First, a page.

Retailers face further supply chain disruption, soaring prices and an increased focus on environmental commitments in 2022, according to Emma Dempsey, CEO, James and James Fulfilment.
Pressure on fulfilment models
With the 2021 peak season over, there will be a significant rebalancing of the supply chain. The past two years have been turbulent for online retailers and the frailties of just-in-time models have been exposed. Fulfilment models remain under unprecedented pressure, and with global supply chain disruption expected to extend throughout 2022, companies are realising the importance of adding contingency to ensure customer commitments can be met.
Increasing stock holdings, though, risks further pressure on already stretched warehouse space. Retailers should therefore think carefully about where best to locate resources. We can expect to see an increase in micro-warehouses in towns and cities across the UK; while larger companies are also likely to reconsider their global distribution strategies, as they strive to overcome disruption issues with products fulfilled closer to the customer.
Unlocking global trade
Another factor leading companies to reassess their global strategy is the simplification and automation of charges relating to duties and taxes. Unnecessary friction in fulfilment services as a result of customs confusion has been exposed by Brexit. Cross-border trade is increasingly costly, with high overheads caused by products held up at customs and goods being returned to suppliers, leaving businesses deterred from global operations.
This year, systems to automate this process and add clarity will become more widespread. This will not only enable retailers to overcome the barrier to global trade, but also unlock the local fulfilment model.
Utilising artificial intelligence
While micro-warehouses and extending global fulfilment models demand additional capital investment, they also bring new opportunities to service the customer.
Capitalising on these opportunities requires access to accurate, real-time data. Information on rates of sale and stock turnover, combined with global patterns of customer demand, will inform initial warehouse location strategies, subsequently feeding into replenishment models. Machine learning and artificial intelligence (AI) will increasingly be used to optimise these distributed fulfilment models: intelligent warehouse allocation rules will enable different customer offers to be made based on stock location and quantity, as well as cost and speed of shipping, and the rate of sale of stock in each area.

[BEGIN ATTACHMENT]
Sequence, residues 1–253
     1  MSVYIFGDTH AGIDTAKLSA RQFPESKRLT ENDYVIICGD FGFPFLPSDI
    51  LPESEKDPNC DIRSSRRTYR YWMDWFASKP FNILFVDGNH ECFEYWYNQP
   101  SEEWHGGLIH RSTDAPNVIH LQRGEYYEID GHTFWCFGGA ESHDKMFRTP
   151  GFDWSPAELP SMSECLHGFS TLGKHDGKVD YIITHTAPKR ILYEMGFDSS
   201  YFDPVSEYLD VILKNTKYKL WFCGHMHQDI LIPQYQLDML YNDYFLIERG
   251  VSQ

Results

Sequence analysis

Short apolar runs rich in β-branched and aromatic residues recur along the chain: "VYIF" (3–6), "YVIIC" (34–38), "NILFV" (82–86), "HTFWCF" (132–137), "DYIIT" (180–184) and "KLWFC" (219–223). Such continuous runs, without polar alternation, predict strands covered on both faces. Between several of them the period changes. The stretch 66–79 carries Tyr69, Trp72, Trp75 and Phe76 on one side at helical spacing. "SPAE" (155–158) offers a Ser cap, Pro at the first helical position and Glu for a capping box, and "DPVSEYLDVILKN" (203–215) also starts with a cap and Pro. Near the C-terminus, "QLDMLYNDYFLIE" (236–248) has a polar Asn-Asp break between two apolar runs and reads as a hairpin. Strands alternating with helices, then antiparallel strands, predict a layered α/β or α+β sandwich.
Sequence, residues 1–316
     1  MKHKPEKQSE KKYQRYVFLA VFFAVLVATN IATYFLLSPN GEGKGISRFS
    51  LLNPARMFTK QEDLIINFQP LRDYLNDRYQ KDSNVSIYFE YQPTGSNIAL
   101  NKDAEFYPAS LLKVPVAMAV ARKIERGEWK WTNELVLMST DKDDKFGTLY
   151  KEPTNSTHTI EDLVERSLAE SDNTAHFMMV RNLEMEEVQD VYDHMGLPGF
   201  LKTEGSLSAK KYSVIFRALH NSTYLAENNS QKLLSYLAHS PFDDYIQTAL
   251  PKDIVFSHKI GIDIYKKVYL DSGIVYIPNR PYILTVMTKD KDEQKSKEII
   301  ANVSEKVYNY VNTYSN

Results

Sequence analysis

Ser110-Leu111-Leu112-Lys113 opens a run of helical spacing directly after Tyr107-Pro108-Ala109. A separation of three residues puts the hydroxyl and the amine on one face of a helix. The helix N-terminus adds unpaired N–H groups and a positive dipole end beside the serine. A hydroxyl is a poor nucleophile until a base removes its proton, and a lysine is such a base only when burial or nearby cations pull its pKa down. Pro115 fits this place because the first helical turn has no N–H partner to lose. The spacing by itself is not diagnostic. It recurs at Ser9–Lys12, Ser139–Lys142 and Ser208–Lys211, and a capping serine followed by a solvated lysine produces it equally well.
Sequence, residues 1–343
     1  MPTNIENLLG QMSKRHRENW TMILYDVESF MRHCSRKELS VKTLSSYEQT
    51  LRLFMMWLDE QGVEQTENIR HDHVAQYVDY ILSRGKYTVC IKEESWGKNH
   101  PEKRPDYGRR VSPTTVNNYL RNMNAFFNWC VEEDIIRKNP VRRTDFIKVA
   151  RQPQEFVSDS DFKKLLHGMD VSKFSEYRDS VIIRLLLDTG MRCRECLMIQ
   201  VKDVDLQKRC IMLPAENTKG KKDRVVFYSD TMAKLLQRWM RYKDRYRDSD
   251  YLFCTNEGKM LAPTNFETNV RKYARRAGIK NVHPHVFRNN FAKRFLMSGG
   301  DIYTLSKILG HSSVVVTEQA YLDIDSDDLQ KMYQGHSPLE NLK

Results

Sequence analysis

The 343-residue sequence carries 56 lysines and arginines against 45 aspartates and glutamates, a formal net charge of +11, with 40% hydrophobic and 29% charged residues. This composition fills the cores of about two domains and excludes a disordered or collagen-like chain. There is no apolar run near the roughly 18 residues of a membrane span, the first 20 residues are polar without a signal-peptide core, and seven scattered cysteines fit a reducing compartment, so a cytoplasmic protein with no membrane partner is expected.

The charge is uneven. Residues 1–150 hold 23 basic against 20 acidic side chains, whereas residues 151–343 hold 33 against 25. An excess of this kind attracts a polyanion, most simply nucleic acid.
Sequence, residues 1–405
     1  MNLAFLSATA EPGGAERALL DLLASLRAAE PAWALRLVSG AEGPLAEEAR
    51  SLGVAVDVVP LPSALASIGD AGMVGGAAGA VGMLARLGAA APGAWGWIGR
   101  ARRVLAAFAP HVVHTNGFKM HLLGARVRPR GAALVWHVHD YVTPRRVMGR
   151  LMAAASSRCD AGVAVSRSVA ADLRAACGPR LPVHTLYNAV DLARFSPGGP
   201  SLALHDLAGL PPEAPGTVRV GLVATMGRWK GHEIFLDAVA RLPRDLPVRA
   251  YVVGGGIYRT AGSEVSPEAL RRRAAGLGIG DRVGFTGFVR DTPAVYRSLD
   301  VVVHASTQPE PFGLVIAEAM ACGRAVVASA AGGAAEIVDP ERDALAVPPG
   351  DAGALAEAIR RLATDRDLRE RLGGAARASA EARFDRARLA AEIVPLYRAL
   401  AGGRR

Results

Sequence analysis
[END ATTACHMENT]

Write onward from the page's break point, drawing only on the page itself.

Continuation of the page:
Following COP26, and amid calls for businesses to commit to hitting net zero, no company can ignore the need to better understand its environmental footprint. For eCommerce retailers, this means a greater understanding of every stage of the supply chain, starting at manufacture, through to delivery and returns. The move towards local fulfilment can also reduce delivery mileage and associated carbon footprint, but in order to fully understand the implications, companies will need to have in depth information.
Effective, efficient supply chains are already driven by data ‘ the onus is now on companies, and fulfilment providers, to surface new data points that shed light on environmental impact. AI will also be essential in the drive towards net zero, using environmental impact metrics such as carbon footprint to enable companies to gain an in-depth understanding of their environmental performance, to meet both government requirements and consumer expectations.
Now is the time to address the perennial problem of returns ‘ not only to counterbalance rising inflation but to reduce the environmental impact of additional, unnecessary journeys. If analysed correctly, the significant amounts of data collected throughout the supply chain can provide real insight into returns trends.
We are beginning to see some vendors use returns data to inform strategy. Identifying why certain products are repeatedly returned enables issues to be addressed and information is also fed back into the manufacture process. AI, machine learning and detailed returns data will also bring new insights that allow companies to better understand customer behaviour and performance by SKU. It will be important for companies to proactively explore this insight over the next 12 months, to gain an understanding of returns and develop new policies to reduce the financial and environmental impact.
2022 is set to be another challenging year for online retailers, but those who capitalise on opportunities provided by new technology and data will continue to thrive.